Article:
Here is the end of Chapter 16 of Jack Dempsey's Championship Fighting published in 1950.
"Those are the kinds of hooks you'll be landing in a head-to-head slugging exchange. By bending a bit lower you can hook to the body - terrifically. Your fist land to the body in the same palm-down position. Practice a few body hooks.
"You have been throwing those outside hooks (to the head and body) from the ideal hooking position or stance. You could get full body whirl for each fist because your fett were on an even line. And you could keep the hooks tight without much difficulty becuase you were close to your target. But as you shift to any other position you are immediately confronted with the problem of keeping those hooks pure. And you must use them in other positions, for they are too valuable as weapons to be restricted to the ideal stance.
"In the "normal" punching position, the outside left hook is very useful as a lead that shoots behind the guarding right hand. And it is useful as a counter that "beats to the punch" a straight right started by your opponent. However, it is so difficult to get proper power into an outside left hook (without telegraphing) that the "corkscrew" is used. The late Kid McCoy, foxy old-time middle-weight, made famous the corkscrew left hook.
"Try the corkscrew on the bag. Stand in normal position. Do the following movements slowly:
-Start your shoulder whirl as if you were to shoot a medium-range left jab. No preparatory movement.
-Instead of jabbing, however, SNAP YOUR LEFT FOREARM AND FIST DOWN AND YOUR LEFT ELBOW UP.
-Your left fist snaps down with a screwing motion that causes your striking knuckles to land properly on the target.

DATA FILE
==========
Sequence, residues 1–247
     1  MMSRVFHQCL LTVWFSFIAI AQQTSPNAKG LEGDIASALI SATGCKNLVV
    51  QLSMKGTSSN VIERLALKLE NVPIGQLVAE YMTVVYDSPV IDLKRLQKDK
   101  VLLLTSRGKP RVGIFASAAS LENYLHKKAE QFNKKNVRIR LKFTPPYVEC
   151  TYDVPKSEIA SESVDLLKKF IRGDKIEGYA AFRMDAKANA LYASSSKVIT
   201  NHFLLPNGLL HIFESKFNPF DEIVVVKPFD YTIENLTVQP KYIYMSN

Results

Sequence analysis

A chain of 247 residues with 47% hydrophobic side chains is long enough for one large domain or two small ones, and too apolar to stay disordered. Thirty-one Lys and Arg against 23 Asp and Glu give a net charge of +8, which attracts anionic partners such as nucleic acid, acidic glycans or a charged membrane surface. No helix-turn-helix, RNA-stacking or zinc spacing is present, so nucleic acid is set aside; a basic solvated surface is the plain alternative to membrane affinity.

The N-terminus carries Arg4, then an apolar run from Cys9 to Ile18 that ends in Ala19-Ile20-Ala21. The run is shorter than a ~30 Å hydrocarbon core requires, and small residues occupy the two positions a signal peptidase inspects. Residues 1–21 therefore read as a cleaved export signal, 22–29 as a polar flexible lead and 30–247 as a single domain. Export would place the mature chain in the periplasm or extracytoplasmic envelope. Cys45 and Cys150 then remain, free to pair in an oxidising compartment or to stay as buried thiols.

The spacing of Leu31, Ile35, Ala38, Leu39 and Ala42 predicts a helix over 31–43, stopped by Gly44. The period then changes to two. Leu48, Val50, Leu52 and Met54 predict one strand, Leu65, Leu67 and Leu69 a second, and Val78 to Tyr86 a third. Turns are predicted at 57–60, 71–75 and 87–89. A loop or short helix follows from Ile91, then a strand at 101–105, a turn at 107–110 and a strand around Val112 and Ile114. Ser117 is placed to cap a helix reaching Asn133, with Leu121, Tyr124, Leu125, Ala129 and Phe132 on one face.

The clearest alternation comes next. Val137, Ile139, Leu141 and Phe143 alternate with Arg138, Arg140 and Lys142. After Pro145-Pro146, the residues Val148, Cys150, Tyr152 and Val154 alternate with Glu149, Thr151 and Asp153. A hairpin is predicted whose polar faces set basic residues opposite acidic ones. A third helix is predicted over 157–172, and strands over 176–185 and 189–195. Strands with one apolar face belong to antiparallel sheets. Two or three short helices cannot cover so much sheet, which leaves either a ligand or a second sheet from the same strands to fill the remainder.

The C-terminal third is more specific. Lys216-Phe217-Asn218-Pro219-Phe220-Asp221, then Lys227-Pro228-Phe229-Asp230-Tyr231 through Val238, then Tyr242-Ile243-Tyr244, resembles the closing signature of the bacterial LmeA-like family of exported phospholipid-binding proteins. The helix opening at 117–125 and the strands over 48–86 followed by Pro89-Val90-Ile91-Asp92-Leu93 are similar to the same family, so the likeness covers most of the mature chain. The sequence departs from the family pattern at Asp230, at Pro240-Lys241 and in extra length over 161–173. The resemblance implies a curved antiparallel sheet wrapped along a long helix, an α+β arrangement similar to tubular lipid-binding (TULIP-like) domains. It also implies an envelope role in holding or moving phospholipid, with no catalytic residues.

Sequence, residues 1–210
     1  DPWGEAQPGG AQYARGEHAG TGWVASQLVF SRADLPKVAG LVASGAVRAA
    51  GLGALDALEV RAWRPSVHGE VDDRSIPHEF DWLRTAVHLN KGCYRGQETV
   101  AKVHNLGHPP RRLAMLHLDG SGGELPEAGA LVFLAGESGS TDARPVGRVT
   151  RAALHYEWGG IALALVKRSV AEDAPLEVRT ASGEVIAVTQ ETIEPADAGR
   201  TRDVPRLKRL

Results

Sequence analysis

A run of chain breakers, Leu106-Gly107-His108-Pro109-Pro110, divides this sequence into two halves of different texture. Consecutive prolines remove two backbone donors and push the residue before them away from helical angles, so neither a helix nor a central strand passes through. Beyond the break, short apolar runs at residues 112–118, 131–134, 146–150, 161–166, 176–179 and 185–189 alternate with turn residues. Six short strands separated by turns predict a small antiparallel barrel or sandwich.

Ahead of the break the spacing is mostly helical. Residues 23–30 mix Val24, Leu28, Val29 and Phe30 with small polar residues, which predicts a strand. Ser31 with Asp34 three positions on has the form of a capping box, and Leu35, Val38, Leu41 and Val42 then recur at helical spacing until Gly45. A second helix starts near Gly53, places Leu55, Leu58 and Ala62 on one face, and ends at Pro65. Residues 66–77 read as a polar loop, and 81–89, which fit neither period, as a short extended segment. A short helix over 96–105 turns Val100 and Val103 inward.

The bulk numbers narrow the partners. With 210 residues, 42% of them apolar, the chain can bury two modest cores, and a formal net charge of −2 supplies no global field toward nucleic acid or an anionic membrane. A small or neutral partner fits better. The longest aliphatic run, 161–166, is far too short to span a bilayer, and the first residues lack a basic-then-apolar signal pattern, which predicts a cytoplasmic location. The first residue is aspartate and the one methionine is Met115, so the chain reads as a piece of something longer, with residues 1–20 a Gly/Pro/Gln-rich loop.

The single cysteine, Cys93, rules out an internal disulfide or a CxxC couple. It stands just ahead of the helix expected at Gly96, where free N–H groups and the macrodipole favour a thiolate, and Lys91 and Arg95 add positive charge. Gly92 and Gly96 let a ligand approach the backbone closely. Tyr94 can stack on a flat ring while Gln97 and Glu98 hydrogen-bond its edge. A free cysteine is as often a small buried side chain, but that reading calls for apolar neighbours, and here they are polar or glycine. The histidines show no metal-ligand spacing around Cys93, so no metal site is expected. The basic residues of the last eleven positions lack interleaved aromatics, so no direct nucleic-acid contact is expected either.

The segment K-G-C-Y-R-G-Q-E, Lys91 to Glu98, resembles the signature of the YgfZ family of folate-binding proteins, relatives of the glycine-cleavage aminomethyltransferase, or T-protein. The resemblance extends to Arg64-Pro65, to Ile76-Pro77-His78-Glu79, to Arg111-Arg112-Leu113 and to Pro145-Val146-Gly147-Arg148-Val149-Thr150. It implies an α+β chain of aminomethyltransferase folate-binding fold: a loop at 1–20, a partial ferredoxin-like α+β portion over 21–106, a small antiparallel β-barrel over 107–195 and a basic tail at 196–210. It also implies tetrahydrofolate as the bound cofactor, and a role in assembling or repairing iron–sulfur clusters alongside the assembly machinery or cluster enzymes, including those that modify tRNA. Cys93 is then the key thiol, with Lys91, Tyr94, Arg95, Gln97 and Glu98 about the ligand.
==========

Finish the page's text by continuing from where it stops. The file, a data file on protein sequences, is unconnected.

-When your fist explodes against the target, your forearm is almost parallel to the floor (illustration is shown in book).
"When you first try the corckscrew, the combination of movements will seem silly and futile. Ti will seem like a fizzle. With a little practice, howvev, you'll master it.
"Let me help you at this point by admiting that the corkscrew usually is a medium-range punch, and that it's usually delivered while you are circling to your opponent's right. For that reason, it's nearly impossible to keep the corckscrew as pure - as tight - as the hooks you were throwing from the ideal position. Nevertheless, you can make the corkscrew...."
Here is the end of Chapter 16 of Jack Dempsey's Championship Fighting published in 1950.
"...explosive enough to stun an opponent, or at least to set him up for another punch. Moreover, if you have a potent left corkscrew that flashes in without warning, your opponent will be very cautious about menacing you with his right fist. Remember that your left hand, in normal position, is always closer to your opponent's hean than his right hand is to your head. As he attempts to start a straight right, you can beat him to the punch with your countering corkscrew. Moreover, if he permits his guarding right hand to creep too far forward as he blocks or parries your left jabs, your corkscrew can snap down behind that guarding right and nail his jaw.
"Can the left corkscrew be used for body punches?